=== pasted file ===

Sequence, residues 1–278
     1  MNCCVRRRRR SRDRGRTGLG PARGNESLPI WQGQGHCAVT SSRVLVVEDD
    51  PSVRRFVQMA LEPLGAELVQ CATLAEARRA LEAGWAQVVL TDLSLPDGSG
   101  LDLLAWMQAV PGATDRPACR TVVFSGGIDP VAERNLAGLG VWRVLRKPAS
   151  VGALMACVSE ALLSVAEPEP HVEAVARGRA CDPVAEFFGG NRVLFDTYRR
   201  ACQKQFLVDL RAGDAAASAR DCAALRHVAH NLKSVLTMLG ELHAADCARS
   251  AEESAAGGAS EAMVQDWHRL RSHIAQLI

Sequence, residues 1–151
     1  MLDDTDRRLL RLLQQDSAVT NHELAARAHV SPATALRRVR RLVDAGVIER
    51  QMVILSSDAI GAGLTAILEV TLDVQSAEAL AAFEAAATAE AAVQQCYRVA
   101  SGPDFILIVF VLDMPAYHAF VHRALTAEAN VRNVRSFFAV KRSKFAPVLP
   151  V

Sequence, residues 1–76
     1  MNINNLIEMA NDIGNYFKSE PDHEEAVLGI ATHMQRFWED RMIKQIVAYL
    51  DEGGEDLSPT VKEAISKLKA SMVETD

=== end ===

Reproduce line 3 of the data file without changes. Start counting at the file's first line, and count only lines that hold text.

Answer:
    51  PSVRRFVQMA LEPLGAELVQ CATLAEARRA LEAGWAQVVL TDLSLPDGSG